Today I went along to the first attempt by Thames-Coromandel Council to engage with the public relating to its Shoreline Management Plan proposals. It was a very low-key broad brush presentation which is to be expected I suppose when the whole three-year scheme is just kicking off.
Hopefully this low key event is not representative of the intensive research, risk and vulnerability assessment which needs to occur by coastal hazard experts if there is to be meaningful outreach to the community.
As if to emphasise the need for that in-depth risk assessment, the day before NIWA presented a New Zealand wide assessment of the impact of sea level rise on both coastal flooding and fluvial/pluvial (river/estuary) flooding it has just undertaken.
There is an excellent summary of the presentation in this Eloise Gibson article in Newsroom.
The data presented is almost entirely at a regional level so it is not yet possible to drill down into the potential impacts of sea level rise on local communities. That level of detail will have to await the publication of the complete data set in December 2019.
But even at a regional level it is clear that the impacts on Hauraki and Thames-Coromandel of sea level rise will be severe. Bear in mind when viewing the following slides that “Waikato” essentially means the coastline between Waitakaruru and Kopu, the Thames-Coromandel coastline, and the sparsely populated West Coast of the North Island around Raglan. Note also how Hauraki District gets a special mention as being at extreme risk in terms of productive land and roads exposed to sea level rise.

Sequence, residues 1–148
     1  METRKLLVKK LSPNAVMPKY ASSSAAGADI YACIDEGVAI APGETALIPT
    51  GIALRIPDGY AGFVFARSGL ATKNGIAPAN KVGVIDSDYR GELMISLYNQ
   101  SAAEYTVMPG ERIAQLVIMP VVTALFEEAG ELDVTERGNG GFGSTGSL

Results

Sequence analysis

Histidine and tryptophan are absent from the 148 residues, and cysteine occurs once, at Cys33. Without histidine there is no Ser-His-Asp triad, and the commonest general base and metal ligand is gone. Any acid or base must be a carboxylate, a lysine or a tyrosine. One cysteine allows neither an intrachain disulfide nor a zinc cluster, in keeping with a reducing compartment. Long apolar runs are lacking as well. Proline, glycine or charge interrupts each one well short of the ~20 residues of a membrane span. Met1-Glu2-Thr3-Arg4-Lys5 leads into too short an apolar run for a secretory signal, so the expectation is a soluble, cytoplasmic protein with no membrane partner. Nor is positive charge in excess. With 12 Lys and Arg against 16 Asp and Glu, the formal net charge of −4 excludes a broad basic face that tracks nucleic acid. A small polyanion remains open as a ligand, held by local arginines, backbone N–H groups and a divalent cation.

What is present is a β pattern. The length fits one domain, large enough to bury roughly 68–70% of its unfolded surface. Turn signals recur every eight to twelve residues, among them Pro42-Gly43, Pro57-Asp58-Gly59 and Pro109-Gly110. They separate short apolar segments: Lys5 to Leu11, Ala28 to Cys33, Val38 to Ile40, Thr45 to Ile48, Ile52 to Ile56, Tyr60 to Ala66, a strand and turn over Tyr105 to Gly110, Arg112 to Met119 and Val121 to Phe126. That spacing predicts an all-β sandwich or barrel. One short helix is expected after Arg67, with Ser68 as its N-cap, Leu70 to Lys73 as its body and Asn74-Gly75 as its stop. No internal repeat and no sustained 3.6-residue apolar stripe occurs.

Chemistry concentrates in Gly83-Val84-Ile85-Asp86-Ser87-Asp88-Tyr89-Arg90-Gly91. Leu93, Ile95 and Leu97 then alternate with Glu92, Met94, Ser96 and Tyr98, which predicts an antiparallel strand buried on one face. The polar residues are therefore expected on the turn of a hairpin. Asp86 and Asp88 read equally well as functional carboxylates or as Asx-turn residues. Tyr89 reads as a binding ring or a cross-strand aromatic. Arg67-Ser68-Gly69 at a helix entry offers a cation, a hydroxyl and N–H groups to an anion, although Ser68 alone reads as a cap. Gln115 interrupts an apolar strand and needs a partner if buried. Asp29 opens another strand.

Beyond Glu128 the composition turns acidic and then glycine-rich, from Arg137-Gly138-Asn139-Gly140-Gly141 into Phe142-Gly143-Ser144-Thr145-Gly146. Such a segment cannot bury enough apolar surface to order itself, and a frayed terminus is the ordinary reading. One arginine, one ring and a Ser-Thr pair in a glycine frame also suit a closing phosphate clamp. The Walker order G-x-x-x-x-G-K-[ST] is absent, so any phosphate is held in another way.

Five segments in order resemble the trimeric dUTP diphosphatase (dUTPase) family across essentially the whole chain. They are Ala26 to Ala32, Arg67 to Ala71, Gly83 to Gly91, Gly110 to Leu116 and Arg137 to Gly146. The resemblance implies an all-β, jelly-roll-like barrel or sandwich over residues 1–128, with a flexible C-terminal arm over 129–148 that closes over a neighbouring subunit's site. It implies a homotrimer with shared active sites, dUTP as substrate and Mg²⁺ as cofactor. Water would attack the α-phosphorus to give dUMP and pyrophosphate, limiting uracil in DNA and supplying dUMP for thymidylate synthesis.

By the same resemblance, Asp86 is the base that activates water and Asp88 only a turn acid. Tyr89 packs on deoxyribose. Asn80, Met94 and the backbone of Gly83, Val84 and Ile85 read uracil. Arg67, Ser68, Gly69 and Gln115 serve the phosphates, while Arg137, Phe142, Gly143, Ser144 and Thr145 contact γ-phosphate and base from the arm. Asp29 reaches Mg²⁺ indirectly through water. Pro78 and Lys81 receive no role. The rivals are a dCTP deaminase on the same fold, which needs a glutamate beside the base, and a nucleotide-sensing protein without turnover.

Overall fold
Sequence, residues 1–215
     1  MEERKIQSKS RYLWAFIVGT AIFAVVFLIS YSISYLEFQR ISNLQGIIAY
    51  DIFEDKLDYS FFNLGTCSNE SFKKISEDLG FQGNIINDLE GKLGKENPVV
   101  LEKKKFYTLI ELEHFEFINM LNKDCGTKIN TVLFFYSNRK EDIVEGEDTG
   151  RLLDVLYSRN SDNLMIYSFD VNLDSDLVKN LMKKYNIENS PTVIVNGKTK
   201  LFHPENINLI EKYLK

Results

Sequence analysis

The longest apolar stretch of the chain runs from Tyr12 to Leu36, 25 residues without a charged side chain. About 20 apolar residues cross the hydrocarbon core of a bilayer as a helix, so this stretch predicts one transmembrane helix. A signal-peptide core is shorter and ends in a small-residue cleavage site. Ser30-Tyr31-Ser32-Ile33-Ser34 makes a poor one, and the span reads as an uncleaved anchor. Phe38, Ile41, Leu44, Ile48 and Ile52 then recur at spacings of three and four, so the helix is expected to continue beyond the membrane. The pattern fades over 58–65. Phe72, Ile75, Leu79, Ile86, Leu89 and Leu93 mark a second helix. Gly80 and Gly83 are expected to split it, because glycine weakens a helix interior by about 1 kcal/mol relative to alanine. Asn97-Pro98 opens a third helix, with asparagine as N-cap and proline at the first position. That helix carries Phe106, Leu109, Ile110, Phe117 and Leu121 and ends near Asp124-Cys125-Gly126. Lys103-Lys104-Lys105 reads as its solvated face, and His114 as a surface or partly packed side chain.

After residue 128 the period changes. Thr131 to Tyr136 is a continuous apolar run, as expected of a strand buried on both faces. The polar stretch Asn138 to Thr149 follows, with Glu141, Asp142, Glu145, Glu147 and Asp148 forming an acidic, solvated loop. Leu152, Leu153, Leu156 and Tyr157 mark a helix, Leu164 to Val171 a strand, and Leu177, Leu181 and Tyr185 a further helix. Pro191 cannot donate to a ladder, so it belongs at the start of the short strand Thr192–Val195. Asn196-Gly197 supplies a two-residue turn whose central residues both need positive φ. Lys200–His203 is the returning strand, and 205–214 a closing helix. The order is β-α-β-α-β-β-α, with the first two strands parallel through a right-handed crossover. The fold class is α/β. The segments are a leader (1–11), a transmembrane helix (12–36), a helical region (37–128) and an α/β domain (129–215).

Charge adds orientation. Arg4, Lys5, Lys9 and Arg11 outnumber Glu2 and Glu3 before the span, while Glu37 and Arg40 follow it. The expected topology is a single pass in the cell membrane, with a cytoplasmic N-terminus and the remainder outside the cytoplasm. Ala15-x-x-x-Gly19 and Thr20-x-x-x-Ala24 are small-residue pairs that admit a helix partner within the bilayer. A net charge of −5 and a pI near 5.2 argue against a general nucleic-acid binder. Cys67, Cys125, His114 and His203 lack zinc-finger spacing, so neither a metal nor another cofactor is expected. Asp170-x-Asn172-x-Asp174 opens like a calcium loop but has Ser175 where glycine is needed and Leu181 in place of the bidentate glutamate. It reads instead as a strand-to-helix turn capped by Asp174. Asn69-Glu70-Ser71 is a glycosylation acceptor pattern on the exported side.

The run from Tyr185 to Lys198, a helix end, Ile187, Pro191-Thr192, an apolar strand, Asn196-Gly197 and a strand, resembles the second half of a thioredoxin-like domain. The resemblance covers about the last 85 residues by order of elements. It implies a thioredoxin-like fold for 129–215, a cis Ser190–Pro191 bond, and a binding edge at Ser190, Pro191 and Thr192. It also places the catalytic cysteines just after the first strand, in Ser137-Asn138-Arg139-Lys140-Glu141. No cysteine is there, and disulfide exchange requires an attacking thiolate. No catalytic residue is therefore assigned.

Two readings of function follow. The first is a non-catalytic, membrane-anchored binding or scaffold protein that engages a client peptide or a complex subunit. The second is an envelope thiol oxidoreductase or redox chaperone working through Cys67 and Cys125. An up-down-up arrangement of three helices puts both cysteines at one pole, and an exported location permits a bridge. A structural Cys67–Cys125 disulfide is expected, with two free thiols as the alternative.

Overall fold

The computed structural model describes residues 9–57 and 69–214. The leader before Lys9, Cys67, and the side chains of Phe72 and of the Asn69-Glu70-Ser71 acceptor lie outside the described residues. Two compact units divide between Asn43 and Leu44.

The 2015 risk assessment NIWA carried out for the Parliamentary Commissioner for the Environment confirmed that in terms of numbers of building and replacement value in the zone of 0.5 m of sea level rise – Thames is in the top 10 of the most at-risk towns and cities in New Zealand.
It will be fascinating to see how Thames and other Thames Coromandel communities fared when this more accurate risk assessment of both coastal and river/estuary flooding and sea level rise is published later this year.